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Easthampton forum weighs $1.4 million override for schools 

Hosted by the School Committee and the citizens group Committee for Stronger Schools, the event drew a crowd of about 20 people to school headquarters to discuss the override measure that is on the ballot Nov. 6.

School Committee Chairman Peter Gunn, one of an eight-member panel of school and municipal leaders who answered questions from the public, framed the issue as a stark choice facing the community.

“Do you want to tread water or do you want to move forward?” he said.

Local resident Joe Farrick, who described himself as a disabled military veteran living on a fixed income, framed the issue differently.

“Treading water is a lot better than drowning,” he said. “And a lot of us are drowning right now.”

“There’s no question what this committee is saying about the schools is worthwhile,” Farrick added. “I’m just looking to you to live within your means.”

School leaders have said the $1.4 million proposed for the override is needed to restore cuts in teacher positions and special education programs made this year to balance the budget.

Funds raised through an override would also be used to invest in new programs, they say, including adding world languages starting in the elementary grades.

Cindy Cloutier, a music teacher at Maple School, described the scarce laptops and outdated textbooks in use in many of the elementary school classrooms.

“We have textbooks where kids are looking at pictures of kids dressed in the 1970s,” she said. “They’re looking at pictures of phones that don’t exist anymore.”

School Superintendent Nancy Follansbee said the override request was developed in response to surveys of parents whose children have left Easthampton for other districts, as well as input from local school councils.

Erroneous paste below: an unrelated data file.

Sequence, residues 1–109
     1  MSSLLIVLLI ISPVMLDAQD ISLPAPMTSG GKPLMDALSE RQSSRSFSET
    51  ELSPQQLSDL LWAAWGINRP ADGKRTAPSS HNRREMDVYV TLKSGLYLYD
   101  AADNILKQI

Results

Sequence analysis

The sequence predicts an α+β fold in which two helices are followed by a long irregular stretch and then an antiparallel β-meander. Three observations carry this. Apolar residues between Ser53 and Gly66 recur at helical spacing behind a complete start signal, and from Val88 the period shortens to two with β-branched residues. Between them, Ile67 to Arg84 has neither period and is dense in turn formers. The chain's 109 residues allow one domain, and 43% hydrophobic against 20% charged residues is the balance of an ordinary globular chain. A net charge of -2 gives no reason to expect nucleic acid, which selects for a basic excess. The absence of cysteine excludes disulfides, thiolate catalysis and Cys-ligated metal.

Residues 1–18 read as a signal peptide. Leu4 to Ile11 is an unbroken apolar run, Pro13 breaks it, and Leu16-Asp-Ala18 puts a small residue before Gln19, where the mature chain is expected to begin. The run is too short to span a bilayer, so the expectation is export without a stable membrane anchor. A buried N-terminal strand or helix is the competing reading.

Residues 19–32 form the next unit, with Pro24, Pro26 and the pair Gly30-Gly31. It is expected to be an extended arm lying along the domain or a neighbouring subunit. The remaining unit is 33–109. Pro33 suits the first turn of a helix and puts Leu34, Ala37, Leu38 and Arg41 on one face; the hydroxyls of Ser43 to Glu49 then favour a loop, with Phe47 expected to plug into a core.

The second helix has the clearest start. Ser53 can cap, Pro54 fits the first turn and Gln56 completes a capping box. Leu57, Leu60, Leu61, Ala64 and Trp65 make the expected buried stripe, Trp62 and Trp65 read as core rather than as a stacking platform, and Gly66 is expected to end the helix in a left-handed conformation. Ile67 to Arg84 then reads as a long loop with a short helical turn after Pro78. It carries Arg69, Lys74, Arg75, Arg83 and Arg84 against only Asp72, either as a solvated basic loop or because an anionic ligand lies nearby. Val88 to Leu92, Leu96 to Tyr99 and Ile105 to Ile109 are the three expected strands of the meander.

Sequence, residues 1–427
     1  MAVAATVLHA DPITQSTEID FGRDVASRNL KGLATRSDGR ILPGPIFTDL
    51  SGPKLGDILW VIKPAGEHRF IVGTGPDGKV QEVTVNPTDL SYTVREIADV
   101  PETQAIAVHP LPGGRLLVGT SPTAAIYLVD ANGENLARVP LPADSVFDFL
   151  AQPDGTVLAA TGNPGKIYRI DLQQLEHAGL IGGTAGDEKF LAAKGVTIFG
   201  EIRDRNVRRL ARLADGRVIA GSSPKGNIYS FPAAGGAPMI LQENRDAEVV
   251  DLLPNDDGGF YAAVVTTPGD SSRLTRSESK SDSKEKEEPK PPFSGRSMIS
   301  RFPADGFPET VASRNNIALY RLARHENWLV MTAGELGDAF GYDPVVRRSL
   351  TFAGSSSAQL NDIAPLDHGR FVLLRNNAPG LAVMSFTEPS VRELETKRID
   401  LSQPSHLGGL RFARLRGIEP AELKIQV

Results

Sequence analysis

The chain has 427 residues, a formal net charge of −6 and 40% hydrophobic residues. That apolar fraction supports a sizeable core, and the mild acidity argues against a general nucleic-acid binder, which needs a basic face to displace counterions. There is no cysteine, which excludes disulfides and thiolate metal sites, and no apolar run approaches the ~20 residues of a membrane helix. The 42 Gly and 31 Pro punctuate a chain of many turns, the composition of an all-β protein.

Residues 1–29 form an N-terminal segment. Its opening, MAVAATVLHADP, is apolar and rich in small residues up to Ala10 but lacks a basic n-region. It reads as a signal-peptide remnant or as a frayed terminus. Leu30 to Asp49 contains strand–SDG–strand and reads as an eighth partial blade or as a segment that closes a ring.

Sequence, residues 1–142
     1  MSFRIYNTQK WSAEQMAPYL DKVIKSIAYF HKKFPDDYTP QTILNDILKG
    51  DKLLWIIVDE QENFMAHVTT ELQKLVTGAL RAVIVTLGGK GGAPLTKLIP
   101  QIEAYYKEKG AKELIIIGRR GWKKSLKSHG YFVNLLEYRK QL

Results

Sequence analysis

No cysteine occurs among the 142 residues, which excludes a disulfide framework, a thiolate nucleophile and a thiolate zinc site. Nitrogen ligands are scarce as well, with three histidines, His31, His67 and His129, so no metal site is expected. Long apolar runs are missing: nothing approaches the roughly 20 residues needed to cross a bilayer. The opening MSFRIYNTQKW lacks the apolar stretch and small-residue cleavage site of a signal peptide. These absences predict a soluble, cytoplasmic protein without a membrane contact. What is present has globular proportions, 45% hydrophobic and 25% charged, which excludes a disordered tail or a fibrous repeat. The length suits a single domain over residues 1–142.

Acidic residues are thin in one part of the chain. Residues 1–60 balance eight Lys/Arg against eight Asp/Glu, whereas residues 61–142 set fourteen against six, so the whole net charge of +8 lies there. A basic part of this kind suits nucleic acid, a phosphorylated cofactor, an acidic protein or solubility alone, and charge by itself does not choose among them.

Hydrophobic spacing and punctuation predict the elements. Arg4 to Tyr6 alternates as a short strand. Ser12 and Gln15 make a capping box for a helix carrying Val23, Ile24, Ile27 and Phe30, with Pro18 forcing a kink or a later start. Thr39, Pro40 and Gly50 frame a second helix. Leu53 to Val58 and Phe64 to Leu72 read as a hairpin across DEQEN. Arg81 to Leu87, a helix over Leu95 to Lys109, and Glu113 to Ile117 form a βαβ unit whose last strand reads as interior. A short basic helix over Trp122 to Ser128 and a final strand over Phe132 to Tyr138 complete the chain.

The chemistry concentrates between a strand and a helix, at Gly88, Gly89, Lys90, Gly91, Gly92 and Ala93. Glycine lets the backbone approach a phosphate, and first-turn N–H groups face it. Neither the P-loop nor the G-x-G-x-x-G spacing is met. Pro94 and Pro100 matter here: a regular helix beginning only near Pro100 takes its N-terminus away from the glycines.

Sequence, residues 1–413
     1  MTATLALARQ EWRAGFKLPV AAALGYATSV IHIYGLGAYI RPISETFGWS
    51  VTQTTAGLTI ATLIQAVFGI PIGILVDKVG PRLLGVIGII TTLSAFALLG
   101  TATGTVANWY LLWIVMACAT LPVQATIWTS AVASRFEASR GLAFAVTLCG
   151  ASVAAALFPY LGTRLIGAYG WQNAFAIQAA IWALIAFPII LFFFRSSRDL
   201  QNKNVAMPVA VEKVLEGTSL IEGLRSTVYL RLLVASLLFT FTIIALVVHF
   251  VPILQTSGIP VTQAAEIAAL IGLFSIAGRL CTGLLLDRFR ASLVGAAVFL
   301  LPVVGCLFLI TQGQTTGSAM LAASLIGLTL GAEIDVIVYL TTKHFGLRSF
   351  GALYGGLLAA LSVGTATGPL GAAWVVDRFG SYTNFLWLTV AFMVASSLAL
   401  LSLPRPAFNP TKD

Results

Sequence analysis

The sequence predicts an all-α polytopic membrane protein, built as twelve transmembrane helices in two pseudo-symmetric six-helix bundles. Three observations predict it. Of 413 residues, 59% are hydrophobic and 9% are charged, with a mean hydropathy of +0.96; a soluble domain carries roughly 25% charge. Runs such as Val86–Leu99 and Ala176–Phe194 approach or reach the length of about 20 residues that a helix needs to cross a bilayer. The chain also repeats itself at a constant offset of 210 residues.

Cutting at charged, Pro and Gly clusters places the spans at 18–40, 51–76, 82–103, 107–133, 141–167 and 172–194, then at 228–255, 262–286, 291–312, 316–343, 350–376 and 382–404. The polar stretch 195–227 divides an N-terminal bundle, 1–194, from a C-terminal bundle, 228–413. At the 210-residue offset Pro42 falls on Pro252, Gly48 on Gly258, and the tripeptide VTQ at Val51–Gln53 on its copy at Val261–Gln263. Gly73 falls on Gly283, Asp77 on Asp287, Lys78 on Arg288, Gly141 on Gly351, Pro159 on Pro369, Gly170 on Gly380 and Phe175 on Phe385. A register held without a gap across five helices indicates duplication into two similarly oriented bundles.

“I can assure you we have looked at every economy,” she said. “Without the override, we’re going to face more cuts in the next school year.”

Figures from the mayor’s office put the impact of the override at $1 for each $1,000 of assessed property value in Easthampton. That means a resident with a home valued at $300,000 would pay an added $300 per year in taxes if voters approve the measure.

Local resident Jo Landers said that amount makes a big difference in her personal budget. She asked how upgrades in school technology would be paid for over the long term, given that “technology changes every year.”

Mayor Michael A. Tautznik, who was also on the panel, responded that the permanent tax increase contained in the override represents a long-term investment in the schools.

He noted that the amount Easthampton spends on tuition for city students who attend charter schools or other districts through school choice is the same as the amount called for in the override.

“That’s $1.4 million that leaves us now that could be here,” he said. “We need to get those kids back.”

Tamara Smith, a parent of five children in the Easthampton schools, said seeing the community approve the override would convince her to keep them there.

“I know it’s going to cost people a lot of money, but at the same time I want to know that I can count on my community to help me out,” she said.

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